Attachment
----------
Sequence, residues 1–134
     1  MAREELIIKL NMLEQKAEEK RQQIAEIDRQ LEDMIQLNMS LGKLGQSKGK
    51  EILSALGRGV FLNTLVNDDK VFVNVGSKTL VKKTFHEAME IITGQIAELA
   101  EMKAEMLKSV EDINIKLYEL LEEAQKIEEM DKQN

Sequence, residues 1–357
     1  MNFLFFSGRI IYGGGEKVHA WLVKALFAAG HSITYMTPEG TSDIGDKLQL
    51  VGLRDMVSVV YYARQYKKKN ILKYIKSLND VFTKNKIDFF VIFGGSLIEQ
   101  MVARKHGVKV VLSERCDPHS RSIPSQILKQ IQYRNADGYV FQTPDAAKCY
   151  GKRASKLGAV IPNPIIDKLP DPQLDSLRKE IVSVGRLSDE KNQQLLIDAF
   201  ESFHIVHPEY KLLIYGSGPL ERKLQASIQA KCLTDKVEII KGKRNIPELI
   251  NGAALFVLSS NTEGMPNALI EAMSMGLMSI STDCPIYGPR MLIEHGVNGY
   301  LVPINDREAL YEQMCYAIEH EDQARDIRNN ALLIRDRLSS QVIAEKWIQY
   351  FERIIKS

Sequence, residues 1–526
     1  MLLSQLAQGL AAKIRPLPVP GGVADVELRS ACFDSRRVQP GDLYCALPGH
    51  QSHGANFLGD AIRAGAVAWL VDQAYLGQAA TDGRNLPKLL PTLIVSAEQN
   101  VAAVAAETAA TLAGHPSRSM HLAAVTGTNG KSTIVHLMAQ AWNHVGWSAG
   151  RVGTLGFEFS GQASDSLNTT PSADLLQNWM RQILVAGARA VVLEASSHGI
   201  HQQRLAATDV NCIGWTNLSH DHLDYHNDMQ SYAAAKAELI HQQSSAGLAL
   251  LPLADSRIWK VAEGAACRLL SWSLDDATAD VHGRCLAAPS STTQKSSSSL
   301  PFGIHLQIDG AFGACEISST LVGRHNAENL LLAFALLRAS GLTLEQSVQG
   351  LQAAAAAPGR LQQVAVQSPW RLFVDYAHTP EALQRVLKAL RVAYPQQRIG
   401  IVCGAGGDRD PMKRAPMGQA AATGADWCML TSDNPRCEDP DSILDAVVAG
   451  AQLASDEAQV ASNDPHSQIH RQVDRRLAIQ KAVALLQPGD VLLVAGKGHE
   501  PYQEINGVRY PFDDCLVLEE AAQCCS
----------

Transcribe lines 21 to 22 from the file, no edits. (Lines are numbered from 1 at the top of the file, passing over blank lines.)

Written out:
   301  PFGIHLQIDG AFGACEISST LVGRHNAENL LLAFALLRAS GLTLEQSVQG
   351  LQAAAAAPGR LQQVAVQSPW RLFVDYAHTP EALQRVLKAL RVAYPQQRIG